Film & TV

Online Series Review: ‘Billy the Kid’: Thin Line Between Lawbreakers and Law Enforcers

BY Joe Bendel TIMEApril 19, 2022 PRINT

There were outlaws and lawmen aligned on both sides of the notorious Lincoln County War, but only one was already infamous in his day: Henry McCarty, a.k.a. William H. Bonney, a.k.a. Kid Antrim, a.k.a. Emilio Estevez in “Young Guns.” At that time in New Mexico, it was difficult tell the difference between the lawbreakers and the law-enforcers.

Nobody better exemplified that ambiguity than Billy the Kid. Despite his baby-face, young McCarty endured bitter hardships and committed grave crimes well beyond his years. For a short while, McCarty manages to survive the frontier, as he finds his way to Lincoln County, where he must eventually make a fateful choice, in creator Michael Hirst’s eight-episode “Billy the Kid.”

Hard Life, Hard Choices

Life was hard for McCarty’s Irish immigrant family in New York, but it would be harder out West. Unfortunately, they learn that hard truth after packing up all their possessions, in search of the better life promised in government-sponsored advertisements. The disastrous trek broke the spirit of young McCarty’s father, but their guide provided the boy’s first introduction to firearms. He quickly learns he has a knack for handling them.

Frankly, the first two episodes are filled with the sort of pioneer miserabilism that you might expect of Jan Troell’s “The Immigrants” or Laura Ingalls Wilder at her bleakest. They are a hard slog to watch, even though Eileen O’Higgins is terrific as Henry or Billy’s sainted mother Kathleen.

The series picks up when the Kid reaches his teen years, allowing Tom Blyth to take-over the role for the rest of the run. He is well-cast as the wiry, electrically-charged future outlaw. Yet, we first meet him as a loving son and protective older brother. Making a life out West is tough even for the scrappy Kid, especially when he runs afoul of the local syndicate of corrupt ranchers and politicians, known as the Santa Fe Ring.

Epoch Times Photo
Tom Blyth (R) as Billy the Kid in online series “Billy the Kid.” (EPIX/MGM)

Hirst’s “Billy the Kid” really gets going when the Kid, then using the name of his no-good stepfather, Antrim, falls in with outlaw Jesse Evans, who stirs up plenty of trouble rustling the cattle of John Chisum (who was played by John Wayne in “Chisum,” but never appears in the series). Hoping to hide out south of the border, the Kid befriends gambler Melquiades Seguira. Yet, once again, he makes powerful enemies.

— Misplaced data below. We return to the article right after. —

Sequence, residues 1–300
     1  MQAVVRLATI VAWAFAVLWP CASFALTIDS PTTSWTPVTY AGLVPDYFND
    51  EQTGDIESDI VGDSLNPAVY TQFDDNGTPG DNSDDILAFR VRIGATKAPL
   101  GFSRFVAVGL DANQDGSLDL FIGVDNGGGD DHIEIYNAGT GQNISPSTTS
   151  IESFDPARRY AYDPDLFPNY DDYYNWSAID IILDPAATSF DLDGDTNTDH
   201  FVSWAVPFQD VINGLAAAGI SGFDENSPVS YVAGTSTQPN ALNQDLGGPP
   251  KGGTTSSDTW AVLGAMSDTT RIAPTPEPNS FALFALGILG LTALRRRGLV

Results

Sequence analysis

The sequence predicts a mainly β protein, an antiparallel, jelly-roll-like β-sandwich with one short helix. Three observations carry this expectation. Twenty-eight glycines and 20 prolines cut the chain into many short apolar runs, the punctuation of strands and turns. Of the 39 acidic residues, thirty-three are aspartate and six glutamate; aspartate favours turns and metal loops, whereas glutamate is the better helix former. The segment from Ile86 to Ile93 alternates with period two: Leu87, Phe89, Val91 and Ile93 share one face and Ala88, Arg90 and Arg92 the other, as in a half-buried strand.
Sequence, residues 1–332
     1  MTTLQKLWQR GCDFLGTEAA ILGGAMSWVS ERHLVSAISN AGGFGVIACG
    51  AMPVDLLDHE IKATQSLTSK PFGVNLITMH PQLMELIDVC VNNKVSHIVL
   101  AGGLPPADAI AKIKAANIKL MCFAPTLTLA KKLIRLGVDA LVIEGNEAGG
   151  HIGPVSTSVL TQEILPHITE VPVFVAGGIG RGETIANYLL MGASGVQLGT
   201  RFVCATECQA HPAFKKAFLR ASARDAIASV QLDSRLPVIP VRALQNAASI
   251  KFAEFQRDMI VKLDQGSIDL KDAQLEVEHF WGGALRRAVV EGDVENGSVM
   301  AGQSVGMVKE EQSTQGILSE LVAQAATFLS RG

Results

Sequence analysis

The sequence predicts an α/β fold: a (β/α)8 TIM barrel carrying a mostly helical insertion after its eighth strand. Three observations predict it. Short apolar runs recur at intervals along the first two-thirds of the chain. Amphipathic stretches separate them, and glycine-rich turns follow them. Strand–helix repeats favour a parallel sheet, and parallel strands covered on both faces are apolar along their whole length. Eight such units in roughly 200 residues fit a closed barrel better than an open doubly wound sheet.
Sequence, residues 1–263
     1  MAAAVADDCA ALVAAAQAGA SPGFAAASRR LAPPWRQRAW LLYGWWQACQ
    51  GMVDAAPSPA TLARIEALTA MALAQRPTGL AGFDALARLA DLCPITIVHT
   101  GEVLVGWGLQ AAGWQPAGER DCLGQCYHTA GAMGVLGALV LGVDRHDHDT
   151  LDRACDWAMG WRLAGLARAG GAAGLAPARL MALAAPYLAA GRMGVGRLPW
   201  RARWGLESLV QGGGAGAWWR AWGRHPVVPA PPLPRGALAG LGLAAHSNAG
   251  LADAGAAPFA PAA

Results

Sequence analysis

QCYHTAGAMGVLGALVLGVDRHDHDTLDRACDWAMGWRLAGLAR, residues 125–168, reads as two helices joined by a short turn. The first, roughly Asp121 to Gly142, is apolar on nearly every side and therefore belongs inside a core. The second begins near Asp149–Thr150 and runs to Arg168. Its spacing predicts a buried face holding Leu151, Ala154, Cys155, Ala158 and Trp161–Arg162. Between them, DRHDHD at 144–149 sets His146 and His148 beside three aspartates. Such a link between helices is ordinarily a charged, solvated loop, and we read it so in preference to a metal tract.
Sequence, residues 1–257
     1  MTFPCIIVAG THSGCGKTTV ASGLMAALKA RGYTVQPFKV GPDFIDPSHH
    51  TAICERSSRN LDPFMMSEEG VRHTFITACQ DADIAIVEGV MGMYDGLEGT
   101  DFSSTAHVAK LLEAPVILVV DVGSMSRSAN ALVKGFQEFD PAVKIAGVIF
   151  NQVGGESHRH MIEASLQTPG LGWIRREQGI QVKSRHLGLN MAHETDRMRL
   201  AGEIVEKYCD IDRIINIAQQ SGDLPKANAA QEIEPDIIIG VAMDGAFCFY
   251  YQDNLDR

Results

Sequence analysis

Eventually, all roads lead the Kid to Lincoln County, where the Jesse Evans Gang serves as armed enforcers for James Dolan and “The House” faction. However, the Kid can’t help identifying with the average sharecroppers and merchants he is hired to intimidate.

Despite the slow start, episodes three through eight have some pretty good shoot-outs and high-stakes poker games. However, it is pretty clear Hirst anticipates a second season of “Billy the Kid,” because the final episode ends before the Lincoln County War fully breaks out. Fans of traditional Westerns will probably be frustrated, but it certainly ends on a decisive turning point in the Kid’s life.

Simmering Rage

In fact, throughout the series, Hirst and Blyth emphasize the Kid’s conflicted conscience and the compounding weight of his guilt. At several points, he makes very bad choices, in hopes they will lead him back to the straight life.

It is sort of a “revisionist” Western, especially in terms of the Kid’s empathy for the Mexican people, but it really leans into the tragedy of the outlaw’s short life. Throughout it all, the outlaw lifestyle brings the Kid little reward and a good deal of angst.

Blyth does not have an extensive list of previous credits, but he has enough presence to carry the series. He really projects a sense of simmering rage and his moral outrage. Viewers can practically see the chip on his shoulder, which makes all the unfolding drama credible. Plus, Blyth bears a passable likeness to the only surviving grainy photo of the outlaw.

Supporting Cast

Kathleen McCarty is by far the most substantial female role in “Billy the Kid,” and Siobhan Williams makes quite an impression in the small but pivotal role of Irene Riley, wife of John Riley, Dolan’s partner. Ryan Kennedy’s portrayal of Ash Upson, the journalist who codified the wild legends of The Kid by ghostwriting Pat Garrett’s “The Authenticate Life of Billy the Kid” is unexpectedly sympathetic. However, it is interesting to see Hirst position him as a muckraking reformer.

By far, Guillermo Alonso’s Segura is the Kid’s most memorable and charismatic sidekick, whereas Daniel Webber lacks sufficient menace as the ruthless Jesse Evans.

Hirst and company do a nice job capturing the mud and dust of the range, without wallowing in it. They leave no doubt the life an outlaw was brutal, tense, and short. The same was true for crooked lawmen and far too many of the straight ones, too.

Epoch Times Photo
Tom Blyth as Billy the Kid in online series “Billy the Kid.” (EPIX/MGM)

Again, it starts slow, but “Billy the Kid” finishes strong. Recommended for viewers of the genre who are fascinated by the real-life characters, “Billy the Kid” starts streaming on April 24 on EPIX.

‘Billy the Kid’
Director: Michael Hirst
Stars: Tom Blyth, Siobhan Williams, Ryan Kennedy, Guillermo Alonso
Running Time: 8 episodes
MPAA Rating: R
Release Date: April 24, 2022
Rating: 3.5 out of 5

Joe Bendel writes about independent film and lives in New York. To read his most recent articles, visit
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